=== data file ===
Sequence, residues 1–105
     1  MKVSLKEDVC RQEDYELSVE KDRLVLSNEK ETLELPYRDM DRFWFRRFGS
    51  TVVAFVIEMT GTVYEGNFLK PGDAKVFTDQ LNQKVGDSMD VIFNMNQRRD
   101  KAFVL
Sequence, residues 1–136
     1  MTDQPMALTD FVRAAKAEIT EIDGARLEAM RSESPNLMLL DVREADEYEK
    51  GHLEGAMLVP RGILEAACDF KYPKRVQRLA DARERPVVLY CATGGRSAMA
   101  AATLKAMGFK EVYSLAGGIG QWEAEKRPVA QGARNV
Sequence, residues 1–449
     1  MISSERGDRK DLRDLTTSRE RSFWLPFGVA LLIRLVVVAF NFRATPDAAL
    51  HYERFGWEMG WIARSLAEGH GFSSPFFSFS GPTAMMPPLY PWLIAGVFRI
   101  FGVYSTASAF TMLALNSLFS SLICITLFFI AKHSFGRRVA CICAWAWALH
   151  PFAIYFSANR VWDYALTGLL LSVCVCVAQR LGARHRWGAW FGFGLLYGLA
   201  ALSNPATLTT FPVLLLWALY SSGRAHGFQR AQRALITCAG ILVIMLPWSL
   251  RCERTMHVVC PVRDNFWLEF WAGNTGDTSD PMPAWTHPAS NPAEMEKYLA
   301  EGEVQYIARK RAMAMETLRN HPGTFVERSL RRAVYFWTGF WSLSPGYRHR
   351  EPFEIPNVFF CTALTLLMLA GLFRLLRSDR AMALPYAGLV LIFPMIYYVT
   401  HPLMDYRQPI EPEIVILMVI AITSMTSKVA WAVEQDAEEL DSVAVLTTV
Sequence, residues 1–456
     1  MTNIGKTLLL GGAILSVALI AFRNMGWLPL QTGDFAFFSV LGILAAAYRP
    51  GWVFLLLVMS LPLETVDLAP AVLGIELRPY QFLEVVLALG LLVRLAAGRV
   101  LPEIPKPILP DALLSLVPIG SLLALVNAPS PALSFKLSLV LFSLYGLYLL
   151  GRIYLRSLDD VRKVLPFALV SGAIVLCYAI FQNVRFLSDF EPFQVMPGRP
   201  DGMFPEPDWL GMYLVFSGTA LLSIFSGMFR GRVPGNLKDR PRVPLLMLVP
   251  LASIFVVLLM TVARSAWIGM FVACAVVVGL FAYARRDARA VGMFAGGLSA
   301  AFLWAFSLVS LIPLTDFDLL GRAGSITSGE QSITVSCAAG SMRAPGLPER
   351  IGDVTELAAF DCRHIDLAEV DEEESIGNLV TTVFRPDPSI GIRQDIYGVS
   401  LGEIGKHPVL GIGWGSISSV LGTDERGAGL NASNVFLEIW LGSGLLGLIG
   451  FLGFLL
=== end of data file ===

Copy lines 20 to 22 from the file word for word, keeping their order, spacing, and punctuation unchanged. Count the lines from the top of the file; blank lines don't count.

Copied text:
     1  MTNIGKTLLL GGAILSVALI AFRNMGWLPL QTGDFAFFSV LGILAAAYRP
    51  GWVFLLLVMS LPLETVDLAP AVLGIELRPY QFLEVVLALG LLVRLAAGRV
   101  LPEIPKPILP DALLSLVPIG SLLALVNAPS PALSFKLSLV LFSLYGLYLL